Find your people: UNC-Chapel Hill NAHJ Chapter President Julian Berger ’22
by Barbara Wiedemann
With the fall semester underway and class and work schedules consolidating, now might be the time for new UNC Hussman students to “find their people.” To that end, we’re profiling a series of student leaders and the interest groups they represent. Part 1 in our series:
UNC-Chapel Hill NAHJ Chapter President Julian Berger ’22
One of the National Association of Hispanic Journalist’s newest student chapters was formed in 2020 at UNC Hussman by broadcast journalism student Julian Berger ’22 (above left) and visual communication student Angelica Edwards ’22 (above second from right), with faculty member Paul Cuadros advising the power duo.
Berger is on the broadcast journalism track and plans to cover the Latinx community in front of the camera after graduation. Born and raised in New York City until the age of six, when he and his family moved to Charlotte. This summer, Berger returned to NYC for an internship with NBC News Now and lived in the neighborhood where his mother grew up.
Last summer, he and Edwards founded Carolina’s NAHJ chapter.
“We decided to create the chapter because we didn’t see much representation of Latino students at Hussman,” said Berger, who explained that he and Edwards wanted to provide a way for Latinx students to come together for media and journalism professional development opportunities, workshops and guest speakers.
In its inaugural year, the chapter conducted workshops on summer internships and career preparation, hosted numerous guest speakers including Sylvia Obén of Telemundo Charlotte and Nicole Acevedo of NBC News and provided opportunities to gather socially.
Last year, Edwards presided over the chapter and Berger served as vice president. This academic year, they’ve flipped roles. Joining them on the executive board are Secretary PJ Morales ’23, a Robertson Scholar who served as sports intern at The Charlotte Observer this summer; Treasurer Daniela Rodriguez-Puente ’22 (above right), multimedia team member for both 1893 Brand Studio and UNC Reese Innovation Lab whose “Sana, sana” doc for Carolina Latinx Center has reached over 19,000 viewers; and Social Media Chair Camila Moreno-Lizarazo ’23 (above second from left), co-editor-in-chief of The Bridge, an online platform for women of color.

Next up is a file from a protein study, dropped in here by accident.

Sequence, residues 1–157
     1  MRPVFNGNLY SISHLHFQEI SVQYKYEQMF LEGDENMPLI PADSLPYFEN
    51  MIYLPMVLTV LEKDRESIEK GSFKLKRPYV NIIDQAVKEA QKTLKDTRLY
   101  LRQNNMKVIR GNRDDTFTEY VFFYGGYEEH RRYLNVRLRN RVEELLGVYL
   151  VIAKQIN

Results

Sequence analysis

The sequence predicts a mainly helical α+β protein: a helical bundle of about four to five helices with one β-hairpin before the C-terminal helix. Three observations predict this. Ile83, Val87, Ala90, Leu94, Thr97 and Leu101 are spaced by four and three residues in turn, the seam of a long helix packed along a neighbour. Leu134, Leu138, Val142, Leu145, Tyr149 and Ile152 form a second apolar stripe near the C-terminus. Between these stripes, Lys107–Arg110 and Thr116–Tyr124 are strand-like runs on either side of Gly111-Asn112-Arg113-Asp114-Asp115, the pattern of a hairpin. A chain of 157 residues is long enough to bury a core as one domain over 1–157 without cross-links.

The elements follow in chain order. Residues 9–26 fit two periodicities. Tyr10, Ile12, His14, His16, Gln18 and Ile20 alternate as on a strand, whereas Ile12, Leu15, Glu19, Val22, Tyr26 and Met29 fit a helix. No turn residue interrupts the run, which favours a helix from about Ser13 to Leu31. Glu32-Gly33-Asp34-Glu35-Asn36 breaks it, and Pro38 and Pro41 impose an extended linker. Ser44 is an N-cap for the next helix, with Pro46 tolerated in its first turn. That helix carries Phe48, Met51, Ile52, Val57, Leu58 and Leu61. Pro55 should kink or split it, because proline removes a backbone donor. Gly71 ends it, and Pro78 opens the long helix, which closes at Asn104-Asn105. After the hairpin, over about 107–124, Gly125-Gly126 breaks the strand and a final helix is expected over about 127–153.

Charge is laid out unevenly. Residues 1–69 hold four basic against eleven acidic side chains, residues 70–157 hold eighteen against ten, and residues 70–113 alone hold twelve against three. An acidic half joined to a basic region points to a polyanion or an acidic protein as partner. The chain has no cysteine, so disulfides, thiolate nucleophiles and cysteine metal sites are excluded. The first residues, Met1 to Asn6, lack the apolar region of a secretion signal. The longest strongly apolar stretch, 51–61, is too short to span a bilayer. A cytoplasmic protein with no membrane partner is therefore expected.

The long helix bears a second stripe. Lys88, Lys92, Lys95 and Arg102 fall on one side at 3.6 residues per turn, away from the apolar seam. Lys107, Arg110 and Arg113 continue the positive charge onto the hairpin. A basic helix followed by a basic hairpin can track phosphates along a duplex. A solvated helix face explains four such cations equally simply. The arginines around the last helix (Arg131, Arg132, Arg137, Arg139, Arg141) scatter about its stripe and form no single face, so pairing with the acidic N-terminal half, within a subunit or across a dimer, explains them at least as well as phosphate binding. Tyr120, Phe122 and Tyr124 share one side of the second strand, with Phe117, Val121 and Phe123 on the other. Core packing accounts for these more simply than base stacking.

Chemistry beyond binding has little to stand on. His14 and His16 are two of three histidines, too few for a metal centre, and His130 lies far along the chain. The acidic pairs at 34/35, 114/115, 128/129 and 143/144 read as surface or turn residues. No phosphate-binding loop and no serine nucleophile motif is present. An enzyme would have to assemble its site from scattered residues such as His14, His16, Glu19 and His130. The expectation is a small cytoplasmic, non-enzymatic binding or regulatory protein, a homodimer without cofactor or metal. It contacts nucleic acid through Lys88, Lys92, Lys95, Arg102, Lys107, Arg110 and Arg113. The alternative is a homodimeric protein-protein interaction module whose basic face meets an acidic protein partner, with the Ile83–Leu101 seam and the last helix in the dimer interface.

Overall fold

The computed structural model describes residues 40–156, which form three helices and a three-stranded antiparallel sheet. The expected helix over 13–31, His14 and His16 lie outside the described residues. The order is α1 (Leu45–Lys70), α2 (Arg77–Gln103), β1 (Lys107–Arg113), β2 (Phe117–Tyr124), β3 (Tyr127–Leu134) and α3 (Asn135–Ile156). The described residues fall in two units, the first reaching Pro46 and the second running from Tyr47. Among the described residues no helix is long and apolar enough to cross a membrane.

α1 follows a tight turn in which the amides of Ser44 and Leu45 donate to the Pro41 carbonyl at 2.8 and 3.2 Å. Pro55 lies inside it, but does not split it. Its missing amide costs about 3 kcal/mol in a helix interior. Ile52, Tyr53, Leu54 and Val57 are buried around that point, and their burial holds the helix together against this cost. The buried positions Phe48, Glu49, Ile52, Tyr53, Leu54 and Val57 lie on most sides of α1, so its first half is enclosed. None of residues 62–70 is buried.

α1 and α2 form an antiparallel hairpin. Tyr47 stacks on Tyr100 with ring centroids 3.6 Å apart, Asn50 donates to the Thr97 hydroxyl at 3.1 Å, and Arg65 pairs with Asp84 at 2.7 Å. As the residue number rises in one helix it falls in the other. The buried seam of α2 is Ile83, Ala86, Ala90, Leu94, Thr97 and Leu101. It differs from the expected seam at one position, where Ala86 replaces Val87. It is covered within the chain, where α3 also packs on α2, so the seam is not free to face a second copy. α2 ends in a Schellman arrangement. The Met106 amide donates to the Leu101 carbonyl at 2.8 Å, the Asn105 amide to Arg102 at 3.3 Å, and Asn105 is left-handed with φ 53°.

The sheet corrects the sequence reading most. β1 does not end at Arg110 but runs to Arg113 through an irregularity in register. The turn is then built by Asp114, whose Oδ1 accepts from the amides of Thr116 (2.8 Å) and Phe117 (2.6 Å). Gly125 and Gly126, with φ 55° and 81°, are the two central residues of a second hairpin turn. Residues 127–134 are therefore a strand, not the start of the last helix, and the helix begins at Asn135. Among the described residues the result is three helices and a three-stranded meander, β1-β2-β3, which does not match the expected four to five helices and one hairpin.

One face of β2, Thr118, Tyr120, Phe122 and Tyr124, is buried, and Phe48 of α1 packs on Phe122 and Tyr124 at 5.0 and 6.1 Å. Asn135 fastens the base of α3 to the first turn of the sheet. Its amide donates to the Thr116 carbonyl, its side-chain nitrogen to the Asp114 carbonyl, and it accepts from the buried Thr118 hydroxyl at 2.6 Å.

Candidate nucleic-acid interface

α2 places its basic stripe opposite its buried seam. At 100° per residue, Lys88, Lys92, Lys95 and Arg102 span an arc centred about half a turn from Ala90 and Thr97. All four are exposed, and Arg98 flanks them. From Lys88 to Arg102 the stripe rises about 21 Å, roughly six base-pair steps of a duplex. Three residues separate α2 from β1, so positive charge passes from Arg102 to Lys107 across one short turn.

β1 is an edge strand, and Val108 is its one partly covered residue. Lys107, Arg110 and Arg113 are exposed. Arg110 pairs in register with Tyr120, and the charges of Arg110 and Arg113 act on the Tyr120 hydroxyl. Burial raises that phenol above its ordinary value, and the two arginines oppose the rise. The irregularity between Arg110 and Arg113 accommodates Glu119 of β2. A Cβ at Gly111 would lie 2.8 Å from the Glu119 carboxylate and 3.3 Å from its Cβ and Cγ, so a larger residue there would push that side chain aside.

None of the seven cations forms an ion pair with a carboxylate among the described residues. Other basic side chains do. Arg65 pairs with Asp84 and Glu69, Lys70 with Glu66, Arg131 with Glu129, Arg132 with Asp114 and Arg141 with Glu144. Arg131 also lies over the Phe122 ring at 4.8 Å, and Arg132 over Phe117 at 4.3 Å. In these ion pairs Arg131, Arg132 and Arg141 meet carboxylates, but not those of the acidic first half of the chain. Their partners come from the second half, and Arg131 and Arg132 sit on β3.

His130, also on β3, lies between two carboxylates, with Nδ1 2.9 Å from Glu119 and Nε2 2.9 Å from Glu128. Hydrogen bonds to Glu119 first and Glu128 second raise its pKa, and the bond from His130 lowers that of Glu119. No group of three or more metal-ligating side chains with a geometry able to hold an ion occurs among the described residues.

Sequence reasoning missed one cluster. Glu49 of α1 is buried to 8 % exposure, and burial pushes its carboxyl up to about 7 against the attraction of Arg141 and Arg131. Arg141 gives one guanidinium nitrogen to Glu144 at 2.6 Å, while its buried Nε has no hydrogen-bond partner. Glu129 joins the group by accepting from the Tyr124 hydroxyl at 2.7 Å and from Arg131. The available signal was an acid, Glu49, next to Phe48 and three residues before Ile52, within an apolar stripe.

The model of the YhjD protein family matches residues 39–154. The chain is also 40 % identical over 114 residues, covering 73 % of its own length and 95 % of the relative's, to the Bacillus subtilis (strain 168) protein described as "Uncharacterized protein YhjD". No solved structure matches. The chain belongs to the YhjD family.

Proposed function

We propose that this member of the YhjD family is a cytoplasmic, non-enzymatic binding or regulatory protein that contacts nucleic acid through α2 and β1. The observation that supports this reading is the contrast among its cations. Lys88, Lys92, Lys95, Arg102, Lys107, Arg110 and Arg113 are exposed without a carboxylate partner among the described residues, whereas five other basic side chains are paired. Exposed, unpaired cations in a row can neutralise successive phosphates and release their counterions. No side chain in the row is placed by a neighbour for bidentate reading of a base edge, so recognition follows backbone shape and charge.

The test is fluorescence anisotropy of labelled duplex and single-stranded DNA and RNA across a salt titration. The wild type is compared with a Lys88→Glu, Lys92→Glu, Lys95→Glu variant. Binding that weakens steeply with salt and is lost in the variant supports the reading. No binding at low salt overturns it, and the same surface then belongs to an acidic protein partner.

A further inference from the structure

Berger noted that “Once we created UNC NAHJ, it was interesting to see just how much Latino representation there is at our school.” He said that he went from feeling somewhat isolated in the broadcast concentration to meeting other Latinx students with career goals in the visual communication, advertising/public relations and print worlds.
“It was cool to see everyone come together and support each other, like a little family,” within the school’s community, Berger said.
Berger, Edwards and the team met last week to brainstorm about potential fall 2021 events. They’re hoping to match the enthusiasm generated in February, when their chapter and the Carolina Latinx Center hosted a close to 100-person strong Zoom audience for a conversation with Mexican-American journalist Maria Hinojosa, who shared her personal take on how journalism has changed over the years.
“If you are anywhere, local or nation, and you are not consistently reporting about Latinos and Latinas at every level of your society, you are not doing excellent journalism,” said Hinojosa to her campus-wide audience.
As chapter president, Berger encourages any interested Latinx students and Latinx allies at Carolina to get in touch via Google form.
“We’re open to anyone [at Carolina] with an interest in media and communications and journalism or the representation of Latinos in media in the U.S,” said Berger.
Look for the UNC-Chapel Hill NAHJ chapter on Instagram and Twitter at @uncnahj